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Unformatted text preview: Physics 6210/Spring 2007/Lecture 6 Lecture 6 Relevant sections in text: 1.4 Complete set of commuting observables Only in the simplest physical systems will the measurement of a single observable suffice to determine the state vector of the system. Of course, the spin 1/2 system has this property: if you measure any component of the spin the state vector is fixed (up to an irrelevant phase factor*). More complicated systems need more observables to char- acterize the state. For example, recall that the energy levels of a hydrogen atom can be uniquely specified by the energy, orbital angular momentum magnitude, one component of the angular momentum and the electron spin state. Other choices are possible. After measuring an observable and getting a particular outcome an eigenvalue the state of the system is the corresponding eigenvector. It may happen that more than one state vector is associated with that measurement outcome. Mathematically, the eigenvalue is degenerate. To pin down the state uniquely, other observables must be measured. Evi- dently, if we have a set of observables whose measurement uniquely determines the state (vector up to a phase), then that state vector must be a simultaneous eigenvector of all the observables in question. If we demand that the possible outcomes of measurements of this set of observables defines a basis for the Hilbert space, then the observables must be compatible, i.e., their operator represntatives must all commute. Such a set of variablestheir operator represntatives must all commute....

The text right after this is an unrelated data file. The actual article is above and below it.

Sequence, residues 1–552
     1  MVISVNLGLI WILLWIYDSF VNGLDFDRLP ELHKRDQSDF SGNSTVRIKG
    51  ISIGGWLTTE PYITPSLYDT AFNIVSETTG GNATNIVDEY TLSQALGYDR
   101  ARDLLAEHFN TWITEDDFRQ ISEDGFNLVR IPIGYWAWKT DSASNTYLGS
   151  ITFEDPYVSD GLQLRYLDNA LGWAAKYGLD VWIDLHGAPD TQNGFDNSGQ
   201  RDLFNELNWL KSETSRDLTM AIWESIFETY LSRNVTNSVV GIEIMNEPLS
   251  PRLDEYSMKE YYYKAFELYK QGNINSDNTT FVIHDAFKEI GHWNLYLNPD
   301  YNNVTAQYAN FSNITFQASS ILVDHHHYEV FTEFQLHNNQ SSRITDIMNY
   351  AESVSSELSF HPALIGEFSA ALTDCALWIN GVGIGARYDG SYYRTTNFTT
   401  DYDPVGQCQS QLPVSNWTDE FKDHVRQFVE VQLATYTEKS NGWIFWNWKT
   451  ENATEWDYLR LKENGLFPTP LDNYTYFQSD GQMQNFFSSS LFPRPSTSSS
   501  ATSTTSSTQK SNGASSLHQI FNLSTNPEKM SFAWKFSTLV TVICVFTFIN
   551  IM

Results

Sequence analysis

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- Spring '07